Conventional wisdom says that when it comes to managing a company, we need organizations to be highly ordered, with a strong and well-defined structure, plus rules and regulations, led by a strong boss.
But what if that's wrong? What if a bosslessness and self-organization give rise to an effective order far more potent than what any one individual might impose?
Take the case of the French company FAVI, a small fifty-year-old designer and manufacturer of copper alloy automotive components. FAVI employs nearly six hundred people but has gone without a personnel department for nearly thirty years. It was one of the first things CEO Jean-François Zobrist removed when he took the helm in 1983. But as I found out from Zobrist, that wasn't all he eliminated.
There aren't many CEOs who will say, "I am a stupid and lazy manager," much less do so in the first conversation with a writer. This was Zobrist's way of explaining why he puts the company in the hands of the people doing the work.
"I have no idea of what people are doing," he says.
What he means is that he does not possess the expertise to do their work, so he should therefore have no input into it. His job, as he sees it, is to "be the headlights and the windshield" of the vehicle that is FAVI, acting as the guiding light and provider of vision. FAVI is as unique as Zobrist, and different from any other factory I've ever been to—and I've been to many.
Not only does FAVI have no personnel department, it has no hierarchy anywhere. There is no middle management, no central operating committees, no time clocks or cards, and no thick employee handbooks jammed with the traditional "do this, don't do that" policies. No one at FAVI uses the words personnel, worker, or employee. (And not because they're English words, either.)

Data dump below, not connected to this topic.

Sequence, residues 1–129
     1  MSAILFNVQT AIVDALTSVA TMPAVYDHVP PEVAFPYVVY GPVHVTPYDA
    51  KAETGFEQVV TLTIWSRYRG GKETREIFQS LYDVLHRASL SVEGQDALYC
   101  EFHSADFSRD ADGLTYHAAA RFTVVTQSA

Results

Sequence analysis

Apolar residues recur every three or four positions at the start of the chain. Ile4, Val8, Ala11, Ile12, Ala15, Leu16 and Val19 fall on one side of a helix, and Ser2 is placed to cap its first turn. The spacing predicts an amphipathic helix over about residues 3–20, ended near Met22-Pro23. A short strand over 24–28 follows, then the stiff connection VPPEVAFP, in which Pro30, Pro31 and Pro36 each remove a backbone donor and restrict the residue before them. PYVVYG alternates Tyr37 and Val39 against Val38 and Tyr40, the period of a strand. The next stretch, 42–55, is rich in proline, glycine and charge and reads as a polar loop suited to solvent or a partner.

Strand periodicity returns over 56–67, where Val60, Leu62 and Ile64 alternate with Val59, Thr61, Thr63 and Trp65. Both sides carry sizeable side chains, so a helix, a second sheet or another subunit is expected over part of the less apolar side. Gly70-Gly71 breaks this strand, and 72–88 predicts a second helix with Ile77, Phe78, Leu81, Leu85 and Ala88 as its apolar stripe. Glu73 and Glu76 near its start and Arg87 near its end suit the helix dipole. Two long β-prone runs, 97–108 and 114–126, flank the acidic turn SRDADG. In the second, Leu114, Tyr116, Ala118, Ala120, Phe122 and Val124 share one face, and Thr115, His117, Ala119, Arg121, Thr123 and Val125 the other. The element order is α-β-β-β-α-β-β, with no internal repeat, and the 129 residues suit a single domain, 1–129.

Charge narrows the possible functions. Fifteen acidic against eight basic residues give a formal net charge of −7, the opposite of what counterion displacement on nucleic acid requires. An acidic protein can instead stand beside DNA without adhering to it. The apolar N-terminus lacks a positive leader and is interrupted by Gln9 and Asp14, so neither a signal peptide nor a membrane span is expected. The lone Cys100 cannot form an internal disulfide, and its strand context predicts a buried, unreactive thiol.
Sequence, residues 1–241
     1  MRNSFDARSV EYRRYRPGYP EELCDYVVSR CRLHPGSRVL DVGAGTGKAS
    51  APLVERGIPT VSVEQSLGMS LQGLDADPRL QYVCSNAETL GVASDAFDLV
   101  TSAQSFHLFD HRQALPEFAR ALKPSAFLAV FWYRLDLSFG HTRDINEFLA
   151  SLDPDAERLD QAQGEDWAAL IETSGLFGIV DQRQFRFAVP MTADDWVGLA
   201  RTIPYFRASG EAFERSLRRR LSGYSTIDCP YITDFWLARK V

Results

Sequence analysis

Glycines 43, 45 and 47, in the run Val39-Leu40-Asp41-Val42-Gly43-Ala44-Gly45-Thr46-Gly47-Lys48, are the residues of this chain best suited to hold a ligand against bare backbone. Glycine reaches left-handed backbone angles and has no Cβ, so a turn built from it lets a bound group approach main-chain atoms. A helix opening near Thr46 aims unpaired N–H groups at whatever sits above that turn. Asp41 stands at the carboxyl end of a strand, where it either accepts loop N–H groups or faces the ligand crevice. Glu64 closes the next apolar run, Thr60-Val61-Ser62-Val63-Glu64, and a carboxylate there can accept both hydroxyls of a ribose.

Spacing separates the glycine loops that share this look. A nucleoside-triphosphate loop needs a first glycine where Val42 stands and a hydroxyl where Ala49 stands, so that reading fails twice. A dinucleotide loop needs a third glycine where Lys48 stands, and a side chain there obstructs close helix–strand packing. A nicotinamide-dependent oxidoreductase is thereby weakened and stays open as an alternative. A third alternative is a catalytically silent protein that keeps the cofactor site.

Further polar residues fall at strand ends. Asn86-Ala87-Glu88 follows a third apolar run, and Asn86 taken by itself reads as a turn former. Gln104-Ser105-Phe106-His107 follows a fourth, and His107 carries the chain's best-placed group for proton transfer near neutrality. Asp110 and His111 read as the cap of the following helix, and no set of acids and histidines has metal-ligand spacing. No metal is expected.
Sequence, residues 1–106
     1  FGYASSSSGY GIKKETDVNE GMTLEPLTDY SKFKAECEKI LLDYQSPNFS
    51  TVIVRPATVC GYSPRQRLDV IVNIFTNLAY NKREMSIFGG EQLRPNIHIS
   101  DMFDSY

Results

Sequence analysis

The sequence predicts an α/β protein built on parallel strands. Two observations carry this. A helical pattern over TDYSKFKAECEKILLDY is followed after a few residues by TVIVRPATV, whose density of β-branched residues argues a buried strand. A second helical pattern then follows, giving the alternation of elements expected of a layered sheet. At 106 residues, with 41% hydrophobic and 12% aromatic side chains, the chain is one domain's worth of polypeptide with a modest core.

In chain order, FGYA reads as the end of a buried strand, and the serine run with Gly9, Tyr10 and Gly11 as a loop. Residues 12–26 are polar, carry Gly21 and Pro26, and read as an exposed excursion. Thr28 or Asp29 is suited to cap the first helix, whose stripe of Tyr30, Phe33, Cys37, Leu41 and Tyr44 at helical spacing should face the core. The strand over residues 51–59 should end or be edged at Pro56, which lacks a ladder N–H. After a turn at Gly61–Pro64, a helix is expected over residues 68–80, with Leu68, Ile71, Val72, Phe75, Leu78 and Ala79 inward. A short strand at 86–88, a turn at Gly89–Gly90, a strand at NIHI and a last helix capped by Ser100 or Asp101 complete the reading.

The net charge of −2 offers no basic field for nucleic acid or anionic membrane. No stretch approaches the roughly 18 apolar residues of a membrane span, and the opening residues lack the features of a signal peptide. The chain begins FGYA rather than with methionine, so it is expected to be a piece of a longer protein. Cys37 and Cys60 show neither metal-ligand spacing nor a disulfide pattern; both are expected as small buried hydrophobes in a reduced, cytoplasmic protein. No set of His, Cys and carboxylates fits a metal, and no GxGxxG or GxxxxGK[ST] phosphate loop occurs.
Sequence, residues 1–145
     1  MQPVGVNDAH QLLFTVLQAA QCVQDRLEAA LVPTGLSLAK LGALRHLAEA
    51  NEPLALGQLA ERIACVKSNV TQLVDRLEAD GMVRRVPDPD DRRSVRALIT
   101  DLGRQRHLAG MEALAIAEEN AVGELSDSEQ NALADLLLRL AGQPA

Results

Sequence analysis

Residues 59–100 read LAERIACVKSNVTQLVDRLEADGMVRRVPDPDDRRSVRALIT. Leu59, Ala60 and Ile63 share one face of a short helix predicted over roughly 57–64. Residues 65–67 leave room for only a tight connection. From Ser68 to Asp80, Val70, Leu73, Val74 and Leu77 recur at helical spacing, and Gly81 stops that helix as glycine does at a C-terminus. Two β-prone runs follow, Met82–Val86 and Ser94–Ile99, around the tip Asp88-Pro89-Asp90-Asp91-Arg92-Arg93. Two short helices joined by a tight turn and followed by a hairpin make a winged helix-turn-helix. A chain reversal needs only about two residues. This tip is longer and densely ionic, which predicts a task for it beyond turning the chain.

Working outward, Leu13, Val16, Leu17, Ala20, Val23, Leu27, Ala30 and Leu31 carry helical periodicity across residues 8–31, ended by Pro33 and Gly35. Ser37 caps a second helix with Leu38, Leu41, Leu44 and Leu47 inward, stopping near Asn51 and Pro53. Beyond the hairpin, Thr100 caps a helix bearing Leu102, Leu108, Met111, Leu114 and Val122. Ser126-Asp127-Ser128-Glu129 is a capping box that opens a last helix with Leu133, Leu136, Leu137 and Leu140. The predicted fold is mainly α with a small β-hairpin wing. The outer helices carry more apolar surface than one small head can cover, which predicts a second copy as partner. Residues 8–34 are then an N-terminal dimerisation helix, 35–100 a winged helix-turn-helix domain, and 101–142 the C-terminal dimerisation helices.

As far as Zobrist is concerned, most of the conventions of the modern organization don't make much sense, and to him, centralizing operations only serves to impose "arbitrary restrictions on people's activity and swell their own ranks to police those constraints."
But it hasn't always been this way.
The culture at FAVI when Zobrist came on the scene was just the opposite. If you wanted a tool, for example, you had to go to the person in charge of monitoring time cards, who kept the tools under tight security and who seemed to take a rather perverse pleasure in penalizing people for being late. If it was a hot summer day, you might find the windows closed as employees suffered in the unhealthy swelter of the metal foundry to earn a "heat premium" in their wages given for keeping the temperature above a certain threshold. The central planning committee spent two hours a week going over why production was yet again behind and deliveries were late, yet spent no time on the actual planning activity itself.
By the time he was given the leadership of FAVI, Zobrist had grown weary of what he terms the chaine de comment—the "chain of how." In the chaine de comment culture, he says, "everyone is stupid except the CEO. If you ask the operator, he says, 'I don't know, talk to my supervisor.' Then you go to the supervisor, and he says, 'I don't know, talk to the shop boss.' But the shop boss doesn't know. Neither does the director, who says, 'Talk to the CEO.' "